I’d like to thank commercial photographer Chris Pearsall for the inspiration for this week’s article when he posted his very first digital image to a photographers’ forum on Facebook.
My first digital SLR was a Canon D30, a 3.1 megapixel camera which I bought at the tail end of 2000 for about £1,600. It was a pretty terrible camera, but I was shooting a lot of news at the time and it saved me a lot of rushing to 1-hour processing labs to get my images ready for scanning and sending to the picture desk. The next model up, the rather more capable 1D was I think about £3,500 at the time and on the shift rates I was on at the time would have taken forever to pay off.
Its main drawback was the slow, and not very reliable focusing. I could have my finger jammed down on the shutter button, desperately trying to get it to lock focus and take the photo of some celebrity or other rushing from their front door to a waiting taxi. If I was lucky I’d get a photo of the back of the taxi as it pulled away.
On slower-moving people and static objects it was fine, but not perfect. It’s fair to say that digital cameras have come a long way since 2000.
The earliest image I can find is a rather dull exterior of a house. It was to accompany a non-story about a gameshow contestant.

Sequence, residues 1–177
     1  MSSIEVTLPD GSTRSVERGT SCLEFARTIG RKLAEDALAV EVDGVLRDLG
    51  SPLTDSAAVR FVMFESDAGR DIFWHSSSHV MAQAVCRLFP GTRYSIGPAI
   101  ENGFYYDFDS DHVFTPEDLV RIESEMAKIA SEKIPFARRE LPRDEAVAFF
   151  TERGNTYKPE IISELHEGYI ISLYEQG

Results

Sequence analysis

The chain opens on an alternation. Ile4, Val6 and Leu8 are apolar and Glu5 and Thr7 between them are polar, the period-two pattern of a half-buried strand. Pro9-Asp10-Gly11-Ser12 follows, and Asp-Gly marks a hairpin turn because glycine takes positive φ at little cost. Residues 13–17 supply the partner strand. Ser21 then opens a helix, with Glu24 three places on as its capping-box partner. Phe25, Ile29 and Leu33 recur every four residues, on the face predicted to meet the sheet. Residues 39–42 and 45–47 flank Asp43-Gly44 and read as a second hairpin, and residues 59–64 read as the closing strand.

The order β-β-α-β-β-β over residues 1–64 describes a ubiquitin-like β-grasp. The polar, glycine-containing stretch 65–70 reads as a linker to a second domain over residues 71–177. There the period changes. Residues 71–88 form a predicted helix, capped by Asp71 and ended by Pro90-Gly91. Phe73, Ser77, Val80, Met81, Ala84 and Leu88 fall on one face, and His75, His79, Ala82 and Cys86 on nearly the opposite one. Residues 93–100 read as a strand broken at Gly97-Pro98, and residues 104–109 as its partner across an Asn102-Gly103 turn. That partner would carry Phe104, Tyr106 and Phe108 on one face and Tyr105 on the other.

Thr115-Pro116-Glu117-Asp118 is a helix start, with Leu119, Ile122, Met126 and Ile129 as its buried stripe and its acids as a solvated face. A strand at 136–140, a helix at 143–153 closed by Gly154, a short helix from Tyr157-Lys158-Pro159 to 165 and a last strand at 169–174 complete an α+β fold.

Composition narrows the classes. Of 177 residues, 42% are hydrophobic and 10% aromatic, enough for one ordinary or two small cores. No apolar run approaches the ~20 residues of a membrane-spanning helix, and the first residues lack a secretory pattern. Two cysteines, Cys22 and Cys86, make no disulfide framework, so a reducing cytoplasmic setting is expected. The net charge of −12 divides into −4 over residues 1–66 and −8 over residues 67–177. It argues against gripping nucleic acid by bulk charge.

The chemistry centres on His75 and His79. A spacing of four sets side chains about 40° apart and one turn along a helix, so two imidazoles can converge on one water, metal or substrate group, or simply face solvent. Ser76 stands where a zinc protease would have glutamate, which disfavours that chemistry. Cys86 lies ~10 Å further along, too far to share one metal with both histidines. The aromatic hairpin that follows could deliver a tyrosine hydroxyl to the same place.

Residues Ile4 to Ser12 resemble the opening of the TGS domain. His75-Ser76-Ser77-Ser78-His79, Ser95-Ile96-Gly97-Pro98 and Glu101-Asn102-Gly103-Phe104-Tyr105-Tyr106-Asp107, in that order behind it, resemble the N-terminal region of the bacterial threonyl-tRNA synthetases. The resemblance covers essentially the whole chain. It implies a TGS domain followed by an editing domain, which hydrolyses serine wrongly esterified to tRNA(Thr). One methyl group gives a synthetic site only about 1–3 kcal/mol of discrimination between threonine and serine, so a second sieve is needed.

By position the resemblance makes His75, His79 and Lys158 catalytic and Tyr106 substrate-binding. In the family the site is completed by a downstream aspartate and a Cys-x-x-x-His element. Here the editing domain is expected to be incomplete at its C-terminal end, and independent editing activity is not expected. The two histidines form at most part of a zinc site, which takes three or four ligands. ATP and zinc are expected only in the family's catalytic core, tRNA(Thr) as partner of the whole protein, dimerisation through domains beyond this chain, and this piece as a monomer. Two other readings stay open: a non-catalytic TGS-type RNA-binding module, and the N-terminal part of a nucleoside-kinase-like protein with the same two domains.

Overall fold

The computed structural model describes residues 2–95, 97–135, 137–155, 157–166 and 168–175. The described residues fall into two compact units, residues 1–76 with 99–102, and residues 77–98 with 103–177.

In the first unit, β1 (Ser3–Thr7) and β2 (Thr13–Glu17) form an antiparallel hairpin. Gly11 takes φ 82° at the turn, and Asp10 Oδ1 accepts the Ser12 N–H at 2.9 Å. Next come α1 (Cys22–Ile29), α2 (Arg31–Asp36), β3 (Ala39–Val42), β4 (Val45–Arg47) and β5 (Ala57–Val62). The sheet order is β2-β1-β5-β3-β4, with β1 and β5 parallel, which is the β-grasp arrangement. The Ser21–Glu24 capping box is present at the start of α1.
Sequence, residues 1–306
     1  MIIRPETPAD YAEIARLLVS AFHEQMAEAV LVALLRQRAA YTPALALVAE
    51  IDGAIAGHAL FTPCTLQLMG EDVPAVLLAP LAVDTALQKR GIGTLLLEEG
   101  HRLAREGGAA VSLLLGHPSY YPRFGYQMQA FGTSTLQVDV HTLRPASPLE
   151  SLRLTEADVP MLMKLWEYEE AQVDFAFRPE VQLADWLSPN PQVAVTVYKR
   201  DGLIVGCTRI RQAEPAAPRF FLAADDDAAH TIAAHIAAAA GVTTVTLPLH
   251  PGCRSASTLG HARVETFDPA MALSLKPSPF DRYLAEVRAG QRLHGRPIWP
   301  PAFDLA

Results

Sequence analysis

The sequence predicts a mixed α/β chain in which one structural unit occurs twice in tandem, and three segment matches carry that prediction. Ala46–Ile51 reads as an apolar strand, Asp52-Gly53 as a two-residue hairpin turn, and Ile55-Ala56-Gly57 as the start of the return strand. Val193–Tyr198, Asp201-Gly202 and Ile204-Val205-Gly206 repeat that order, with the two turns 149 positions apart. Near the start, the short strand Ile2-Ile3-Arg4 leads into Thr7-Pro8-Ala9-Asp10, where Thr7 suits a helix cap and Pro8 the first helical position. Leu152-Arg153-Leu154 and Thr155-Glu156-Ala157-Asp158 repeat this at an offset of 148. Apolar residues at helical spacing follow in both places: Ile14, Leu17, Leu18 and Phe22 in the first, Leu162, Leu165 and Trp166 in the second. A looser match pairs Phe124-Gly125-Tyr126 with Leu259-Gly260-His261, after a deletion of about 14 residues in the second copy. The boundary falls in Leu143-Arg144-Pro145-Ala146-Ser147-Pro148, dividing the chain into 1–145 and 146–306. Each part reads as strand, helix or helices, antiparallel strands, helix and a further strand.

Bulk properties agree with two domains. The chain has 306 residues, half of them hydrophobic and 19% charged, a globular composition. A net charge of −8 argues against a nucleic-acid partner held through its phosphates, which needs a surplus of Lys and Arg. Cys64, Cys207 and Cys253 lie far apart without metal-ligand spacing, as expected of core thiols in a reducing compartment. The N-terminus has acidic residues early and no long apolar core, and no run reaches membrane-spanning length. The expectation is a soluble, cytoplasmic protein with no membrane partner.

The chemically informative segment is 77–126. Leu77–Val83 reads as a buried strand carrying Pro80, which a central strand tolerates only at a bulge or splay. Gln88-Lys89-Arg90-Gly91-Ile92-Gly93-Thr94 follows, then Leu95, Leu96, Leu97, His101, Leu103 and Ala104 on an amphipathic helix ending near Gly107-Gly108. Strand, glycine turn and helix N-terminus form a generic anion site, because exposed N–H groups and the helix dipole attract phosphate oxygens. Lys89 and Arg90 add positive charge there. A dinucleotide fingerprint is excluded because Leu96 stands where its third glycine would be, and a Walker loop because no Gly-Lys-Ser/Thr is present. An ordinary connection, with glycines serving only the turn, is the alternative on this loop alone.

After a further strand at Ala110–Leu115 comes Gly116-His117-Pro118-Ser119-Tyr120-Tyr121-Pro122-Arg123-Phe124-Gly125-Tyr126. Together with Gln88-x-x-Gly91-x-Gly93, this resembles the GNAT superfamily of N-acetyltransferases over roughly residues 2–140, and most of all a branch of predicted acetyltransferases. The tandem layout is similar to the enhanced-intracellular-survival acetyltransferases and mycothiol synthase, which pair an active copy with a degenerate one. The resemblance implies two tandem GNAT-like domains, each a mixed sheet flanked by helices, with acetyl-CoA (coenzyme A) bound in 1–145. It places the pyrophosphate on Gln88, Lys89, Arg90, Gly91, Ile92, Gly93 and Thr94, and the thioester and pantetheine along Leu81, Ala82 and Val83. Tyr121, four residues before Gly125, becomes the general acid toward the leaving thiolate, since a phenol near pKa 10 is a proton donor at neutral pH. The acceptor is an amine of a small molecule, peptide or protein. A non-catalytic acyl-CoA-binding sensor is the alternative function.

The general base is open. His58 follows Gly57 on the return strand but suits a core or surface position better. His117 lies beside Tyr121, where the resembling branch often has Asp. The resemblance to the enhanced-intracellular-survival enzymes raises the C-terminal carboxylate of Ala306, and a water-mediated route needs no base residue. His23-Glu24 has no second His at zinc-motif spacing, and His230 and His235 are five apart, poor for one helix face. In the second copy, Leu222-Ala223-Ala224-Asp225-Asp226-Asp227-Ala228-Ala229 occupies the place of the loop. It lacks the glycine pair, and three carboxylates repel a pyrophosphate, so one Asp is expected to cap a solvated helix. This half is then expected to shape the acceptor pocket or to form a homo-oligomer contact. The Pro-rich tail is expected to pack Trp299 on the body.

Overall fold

Another story I covered using the D30 (I wasn’t using it for everything at this stage) was something of a struggle, it being a nighttime air crash near Aldershot. Focus was difficult and the image noise further softened the images. Nothing I took that night made the paper.
Late in December 2000 I covered a visit by the then Deputy Prime Minister John Prescott to the Millennium Dome before it closed and went on to become the O2 Arena. This shot of the director of the attraction, P Y Gerbeau, is a typical example of the struggles I had with that camera to get sensible colours and to get fill flash to work convincingly. I’m so glad things have improved since then, but it was interesting to go back to my very first CD of digital images. Another thing it showed me is just how much my photography has improved since then too!